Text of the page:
All major Canadian exports including energy, autos, agriculture, forest products and machinery-and-equipment collapsed in the latest report. Canadian analysts are shocked by the news.
I sure am not.
For my reason, look at happenings in China, a huge recession in Europe, and even a recession in the US that surprisingly few have even figured out yet.
The Globe and Mail reports Sharp trade slowdown set to wallop GDP
The high dollar and the global slowdown are crushing Canada’s trade-dependent economy.
The latest evidence: The country posted the largest trade deficit in July since Statistics Canada began keeping records in 1971.
It wasn’t just the scale of the gap – $2.3-billion – that jolted analysts. It’s how the economy got there.
Virtually all major exports fell sharply, including energy, autos, agriculture, forest products and machinery-and-equipment. The overall drop was 3.4 per cent, paced by an even larger 5 per cent decline in exports to the U.S. – Canada’s largest customer.
At $2.3-billion, the trade deficit narrowly eclipsed the old mark, set in September 2010.
Scotiabank’s Mr. Holt said the high dollar is most damaging to U.S.-bound exports, which accounted for 72 per cent of all exports in July.
Sorry guys, this is not just a currency issue. This is a global recession, starting in Europe, continuing in Asia and as of June hitting the US. Few even see the US recession yet, but it is here, and Canada will be on the leading edge of it all.
This is not unexpected in this corner, albeit I have for so long predicted the end of the Canadian housing bubble that no one is listening to anything else I have said about Canada.
Those who want to catch up on what is happening in China and how it is guaranteed to affect Canada may consider the following posts.
- By 2015 Hard Commodity Prices Will Collapse; Australia's Mining Boom Dies (and the Official Denials Start)
- Non-Food Commodity Prices Will Collapse Over Next Three to Four Years; Nails in the Hard Landing Coffin?
- Currency Wars, Commodity Prices and Capital Flight; China FDI Contracts 8.7% YoY, 8th Drop in 9 Months
All three of those pieces originate from Michael Pettis at China Financial Markets. What he suggests about China and Australia, I have long-since stated applied to Canada as well.
Those posts are just the start of Canada's problems. Europe is in a massive recession that few saw coming. I commented on that silliness on January 9, 2012 in Dimwit Comment of the Day: Christine Lagarde, IMF Director says "Europe May Avoid a Recession This Year"
Heck, even the vaunted German export machine is falling apart. See Germany in Recession: Private Sector Sees Fastest Falls in Output and New Business Since June 2009; New Export Orders Collapse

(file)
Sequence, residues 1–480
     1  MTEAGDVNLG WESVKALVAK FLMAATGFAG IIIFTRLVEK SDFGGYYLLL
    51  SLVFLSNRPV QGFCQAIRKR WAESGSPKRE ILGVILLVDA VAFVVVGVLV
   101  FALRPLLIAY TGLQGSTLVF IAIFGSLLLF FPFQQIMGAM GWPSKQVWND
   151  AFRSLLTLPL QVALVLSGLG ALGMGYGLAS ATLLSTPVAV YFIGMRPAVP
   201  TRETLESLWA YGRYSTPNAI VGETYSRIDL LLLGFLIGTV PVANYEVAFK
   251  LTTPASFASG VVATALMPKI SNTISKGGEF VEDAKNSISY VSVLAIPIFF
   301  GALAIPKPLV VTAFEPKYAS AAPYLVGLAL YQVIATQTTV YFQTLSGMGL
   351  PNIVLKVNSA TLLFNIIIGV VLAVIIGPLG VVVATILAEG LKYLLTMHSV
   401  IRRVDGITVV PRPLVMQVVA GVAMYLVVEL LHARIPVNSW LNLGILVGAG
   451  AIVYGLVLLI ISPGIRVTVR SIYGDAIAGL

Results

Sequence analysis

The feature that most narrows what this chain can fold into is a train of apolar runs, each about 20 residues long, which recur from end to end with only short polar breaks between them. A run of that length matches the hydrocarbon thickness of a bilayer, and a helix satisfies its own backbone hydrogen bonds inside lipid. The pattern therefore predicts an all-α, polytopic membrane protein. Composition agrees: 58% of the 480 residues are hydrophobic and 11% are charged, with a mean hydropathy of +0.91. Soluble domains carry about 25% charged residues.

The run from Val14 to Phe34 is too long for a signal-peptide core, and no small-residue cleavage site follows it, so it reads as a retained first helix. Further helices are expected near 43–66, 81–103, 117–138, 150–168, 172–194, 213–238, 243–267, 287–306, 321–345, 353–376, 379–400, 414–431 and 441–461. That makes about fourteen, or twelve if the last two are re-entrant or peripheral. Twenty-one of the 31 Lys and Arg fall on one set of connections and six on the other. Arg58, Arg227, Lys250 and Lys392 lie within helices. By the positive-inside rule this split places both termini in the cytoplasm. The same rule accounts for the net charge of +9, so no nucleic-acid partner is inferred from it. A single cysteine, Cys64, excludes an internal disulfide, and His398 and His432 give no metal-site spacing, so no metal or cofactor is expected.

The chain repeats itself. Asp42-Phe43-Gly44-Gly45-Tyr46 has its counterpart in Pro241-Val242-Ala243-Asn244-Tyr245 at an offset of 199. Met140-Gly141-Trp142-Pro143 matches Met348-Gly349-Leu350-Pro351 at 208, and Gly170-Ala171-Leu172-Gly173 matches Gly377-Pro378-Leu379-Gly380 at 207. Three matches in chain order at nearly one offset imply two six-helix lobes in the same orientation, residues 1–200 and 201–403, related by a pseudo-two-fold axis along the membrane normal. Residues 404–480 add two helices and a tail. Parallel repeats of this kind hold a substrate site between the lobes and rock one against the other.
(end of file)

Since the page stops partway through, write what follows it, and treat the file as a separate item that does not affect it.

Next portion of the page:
In the above post I commented ...
Global Recession RevisitedUS Recession Factor
On July 6, 2012, I wrote Plunging New Orders Suggest Global Recession Has Arrived
Clearly I am not changing that prognosis although I do wish to reiterate the definition of "global recession as per my post Case for US and Global Recession Right Here, Right Now; Recognizing the Limits of Madness; Permabears?
On June 21, 2012, I gave 12 Reasons US Recession Has Arrived (Or Will Shortly)
On September 7, I stated a specific belief the US entered recession in June.
For my reasons, please review Household Survey: Number of Employed Declines by 119,000 as Those Not in Labor Force Rises by Spectacular 581,000; Yes, Virginia, It's a Recession
The three people I am aware of sticking with a recession call right now are John Hussman, Lakshman Achuthan at the ECRI, and me.
Indeed, John Hussman announced yesterday in Late-Stage, High-Risk "I continue to believe that the U.S. joined an unfolding global recession, most probably in June of this year."
In Hussman's post he states a belief backdated downward revisions are coming up. I concur with his analysis.
The collapse in the household survey is an indicator as is the collapse in Canadian exports to the US.
Canada Housing Bubble
100% without a doubt, Canada is in the midst of an immense housing bubble. The Canadian bubble outlasted bubbles in China and Australia. Because it did, I get taunts from Canadian readers all the time.
I received one just yesterday. It went something like this "So Mish, where's your Canada Housing Collapse?"
The answer, as always is "I don't know". That said, bubbles pop by definition. Moreover, the longer the bubble lasts, the bigger the implosion.
Australia is in the midst of a big property bubble collapse, a big retail collapse, and a big export mining collapse all at the same time.
Canada will follow suit at some point and given taunts out of the blue, now is as good a time as any.
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